Rolfe notes from the Emerald Isle

Norma and Rhys Rolfe returned from France to spend three weeks taking care of their family’s homes and pets … a bit of rest and relaxation after their six weeks on the road.  Now they find themselves in Ireland for a month before they return home to South Africa at the end of September.

For the first time in over a hundred years, Ireland, a country with a sad history, is experiencing a greater number of people returning to the country than leaving it. The little towns and harbours on the coast are very quaint, and so much has been modernised and improved here since Ireland became a member of the EU. The roads, farms, buildings and facilities have improved since we were here in 1975 and 2007.  We enjoyed driving down the Hook peninsular to Tramore just south of Waterford where we spent a few days.

We are so enjoying the Irish, who have a very dry sense of humour and are a very friendly people. We are in the South-East at the moment where Gaelic Football and Hurling are the popular sports. They seem to make things very casually and are certainly in no rush. I think Ireland is a very easy country to live in, without the weather. I think, even with the weather, we could live here.

During the potato famine in the 1840s, one million people died and one million more emigrated. A mass grave at Skibbereen is the burial site of eight to 10 thousand people. The population of Ireland in 1840 was over eight million. After the famine, in 1851, the population numbered 6.5 million, and today the population is 4.7 million. Interesting figures.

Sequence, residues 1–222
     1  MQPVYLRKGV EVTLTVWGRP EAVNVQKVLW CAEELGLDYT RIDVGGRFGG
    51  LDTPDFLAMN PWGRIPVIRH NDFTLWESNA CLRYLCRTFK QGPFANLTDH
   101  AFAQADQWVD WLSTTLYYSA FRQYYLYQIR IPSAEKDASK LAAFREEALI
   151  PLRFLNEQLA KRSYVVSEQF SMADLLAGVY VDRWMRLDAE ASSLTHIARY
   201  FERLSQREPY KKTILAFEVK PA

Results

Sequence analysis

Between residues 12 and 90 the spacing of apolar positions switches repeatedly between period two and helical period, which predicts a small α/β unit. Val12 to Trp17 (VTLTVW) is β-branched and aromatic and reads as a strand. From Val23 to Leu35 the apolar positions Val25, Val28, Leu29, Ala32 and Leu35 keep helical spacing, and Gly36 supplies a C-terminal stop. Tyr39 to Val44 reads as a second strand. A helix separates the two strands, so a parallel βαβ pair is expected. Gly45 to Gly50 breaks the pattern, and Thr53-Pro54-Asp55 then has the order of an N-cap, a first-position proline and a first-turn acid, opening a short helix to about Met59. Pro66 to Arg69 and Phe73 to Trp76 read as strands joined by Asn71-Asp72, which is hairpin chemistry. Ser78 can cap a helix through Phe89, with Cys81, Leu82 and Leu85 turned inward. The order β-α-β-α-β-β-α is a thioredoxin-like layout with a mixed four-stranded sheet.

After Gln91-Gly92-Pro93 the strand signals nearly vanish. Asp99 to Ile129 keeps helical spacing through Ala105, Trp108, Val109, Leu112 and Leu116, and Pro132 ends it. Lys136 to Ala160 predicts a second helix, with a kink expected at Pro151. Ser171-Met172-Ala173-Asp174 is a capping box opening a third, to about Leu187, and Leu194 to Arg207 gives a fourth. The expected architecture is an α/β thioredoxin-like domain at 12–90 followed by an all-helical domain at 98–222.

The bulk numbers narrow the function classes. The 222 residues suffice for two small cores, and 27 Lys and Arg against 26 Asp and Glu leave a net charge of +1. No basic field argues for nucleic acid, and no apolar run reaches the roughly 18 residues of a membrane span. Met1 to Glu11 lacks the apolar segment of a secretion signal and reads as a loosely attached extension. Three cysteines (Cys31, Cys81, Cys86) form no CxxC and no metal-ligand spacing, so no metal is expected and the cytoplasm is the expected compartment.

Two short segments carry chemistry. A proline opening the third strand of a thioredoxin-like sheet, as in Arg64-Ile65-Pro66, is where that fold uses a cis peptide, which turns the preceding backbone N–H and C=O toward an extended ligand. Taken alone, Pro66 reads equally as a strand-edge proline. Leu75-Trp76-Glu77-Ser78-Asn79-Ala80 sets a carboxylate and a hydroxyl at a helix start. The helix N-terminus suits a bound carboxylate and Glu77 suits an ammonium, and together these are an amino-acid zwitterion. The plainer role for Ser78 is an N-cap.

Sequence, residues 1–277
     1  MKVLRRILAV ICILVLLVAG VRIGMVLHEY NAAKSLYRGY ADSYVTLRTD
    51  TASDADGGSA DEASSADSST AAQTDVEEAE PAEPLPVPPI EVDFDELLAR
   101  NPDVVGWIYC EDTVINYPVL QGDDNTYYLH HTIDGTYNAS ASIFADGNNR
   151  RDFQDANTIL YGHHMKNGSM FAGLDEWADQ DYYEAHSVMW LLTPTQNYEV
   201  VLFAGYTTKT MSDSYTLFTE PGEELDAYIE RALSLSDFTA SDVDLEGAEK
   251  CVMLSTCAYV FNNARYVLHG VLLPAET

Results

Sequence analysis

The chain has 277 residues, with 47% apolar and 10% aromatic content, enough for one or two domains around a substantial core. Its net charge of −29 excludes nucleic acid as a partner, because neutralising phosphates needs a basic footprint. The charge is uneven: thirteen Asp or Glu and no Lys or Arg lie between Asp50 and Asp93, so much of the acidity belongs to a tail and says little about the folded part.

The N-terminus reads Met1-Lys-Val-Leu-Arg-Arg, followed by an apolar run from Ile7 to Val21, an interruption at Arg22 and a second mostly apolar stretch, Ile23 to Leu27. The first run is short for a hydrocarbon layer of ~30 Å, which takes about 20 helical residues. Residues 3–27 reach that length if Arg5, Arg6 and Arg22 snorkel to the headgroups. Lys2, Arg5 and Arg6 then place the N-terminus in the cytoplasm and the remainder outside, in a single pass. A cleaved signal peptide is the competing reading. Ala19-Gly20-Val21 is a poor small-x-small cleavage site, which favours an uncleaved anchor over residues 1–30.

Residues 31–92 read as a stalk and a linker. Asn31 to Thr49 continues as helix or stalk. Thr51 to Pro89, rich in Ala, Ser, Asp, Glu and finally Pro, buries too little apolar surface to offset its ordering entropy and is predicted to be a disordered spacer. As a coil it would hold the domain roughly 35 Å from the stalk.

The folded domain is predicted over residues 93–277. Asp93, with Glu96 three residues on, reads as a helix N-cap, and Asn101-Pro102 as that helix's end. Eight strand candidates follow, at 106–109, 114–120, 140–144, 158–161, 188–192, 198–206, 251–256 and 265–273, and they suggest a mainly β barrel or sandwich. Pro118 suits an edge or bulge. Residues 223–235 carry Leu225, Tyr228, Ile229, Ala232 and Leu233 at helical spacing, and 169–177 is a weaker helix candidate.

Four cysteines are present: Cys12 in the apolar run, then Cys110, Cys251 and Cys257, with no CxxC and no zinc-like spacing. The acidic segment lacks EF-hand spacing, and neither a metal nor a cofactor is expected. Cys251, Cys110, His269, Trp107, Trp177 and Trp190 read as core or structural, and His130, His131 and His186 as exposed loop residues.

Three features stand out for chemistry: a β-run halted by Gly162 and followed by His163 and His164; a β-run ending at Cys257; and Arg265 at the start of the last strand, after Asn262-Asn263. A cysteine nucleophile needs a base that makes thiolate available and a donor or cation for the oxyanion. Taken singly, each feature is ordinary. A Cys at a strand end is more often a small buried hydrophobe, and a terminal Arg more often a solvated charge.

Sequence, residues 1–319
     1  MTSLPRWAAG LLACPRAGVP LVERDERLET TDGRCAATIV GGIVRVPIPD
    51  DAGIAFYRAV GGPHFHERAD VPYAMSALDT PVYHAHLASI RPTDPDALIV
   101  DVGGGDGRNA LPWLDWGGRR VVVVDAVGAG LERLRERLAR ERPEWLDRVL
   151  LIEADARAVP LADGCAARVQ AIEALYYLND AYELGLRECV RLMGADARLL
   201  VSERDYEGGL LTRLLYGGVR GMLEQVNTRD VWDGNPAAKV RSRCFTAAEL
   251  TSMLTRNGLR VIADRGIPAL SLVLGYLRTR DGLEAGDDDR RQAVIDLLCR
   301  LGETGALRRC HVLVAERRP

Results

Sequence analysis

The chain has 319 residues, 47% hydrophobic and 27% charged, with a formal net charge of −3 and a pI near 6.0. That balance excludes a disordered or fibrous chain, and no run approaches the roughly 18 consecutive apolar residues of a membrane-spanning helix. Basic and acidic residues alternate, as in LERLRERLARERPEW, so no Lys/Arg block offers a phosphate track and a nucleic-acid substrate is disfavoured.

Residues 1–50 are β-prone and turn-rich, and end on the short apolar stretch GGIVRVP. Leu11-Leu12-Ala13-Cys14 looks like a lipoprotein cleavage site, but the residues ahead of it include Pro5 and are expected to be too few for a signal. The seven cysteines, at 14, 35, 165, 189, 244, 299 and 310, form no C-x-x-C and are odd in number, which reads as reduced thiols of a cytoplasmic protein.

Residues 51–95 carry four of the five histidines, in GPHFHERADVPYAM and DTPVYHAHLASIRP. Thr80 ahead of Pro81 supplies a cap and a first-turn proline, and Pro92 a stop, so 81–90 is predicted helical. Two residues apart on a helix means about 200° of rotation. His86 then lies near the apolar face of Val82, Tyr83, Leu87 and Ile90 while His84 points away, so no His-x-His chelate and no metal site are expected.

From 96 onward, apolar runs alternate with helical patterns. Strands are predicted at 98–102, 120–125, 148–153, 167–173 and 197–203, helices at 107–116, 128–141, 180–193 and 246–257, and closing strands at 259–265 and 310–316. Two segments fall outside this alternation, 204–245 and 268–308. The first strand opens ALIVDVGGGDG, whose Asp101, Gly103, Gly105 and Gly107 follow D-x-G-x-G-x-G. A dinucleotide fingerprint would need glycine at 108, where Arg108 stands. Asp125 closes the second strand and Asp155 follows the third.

The first Temperance Hall in Europe was built in Skibberdeen in 1833; this has been replaced by 26 well-patronised pubs.

We visited the monument to Michael Collins, a leader of the IRA, who was ambushed by members of the IRA who were dissatisfied with the peace agreement in 1922 of which Collins was a signatory.

Markets are very popular in villages and towns, in spite of all the supermarkets. The fare on offer is fresh but more expensive. I could not resist a nice Plaice and a kilogram of prawns, plus local cheese and some veggies. All very nice. We do enjoy buying local cheese in the areas we drive through.

In Skibbereen Main Street, the buildings have been painted in different colours instead of the old cement colour, making a huge difference to appearance. We stayed in Bantry Bay, a beautiful area on the South-East coast. Unfortunately, it was raining, but the forecast for the next day was good. Yesterday we went to Mizen Head.

Our road trip today from Dungarvan to Blarney was beautiful, especially the little fishing village of Ardmore, a quaint little town on a beautiful bay. The countryside is beautifully green, typical Ireland.

The 12th century round tower is one of the best examples of these structures in Ireland, built by the Monastic monks to safeguard their valuables and themselves if attacked. The St Declan’s church stands on the site of the original monastery next to the tower. There are 9th-century carvings set in unusual panels on the western wall.

We visited Blarney, a few kilometres outside Cork, famous for its castle and the Blarney Stone. The weather remained good, fortunately, and we continued to enjoy the Irish and Ireland.

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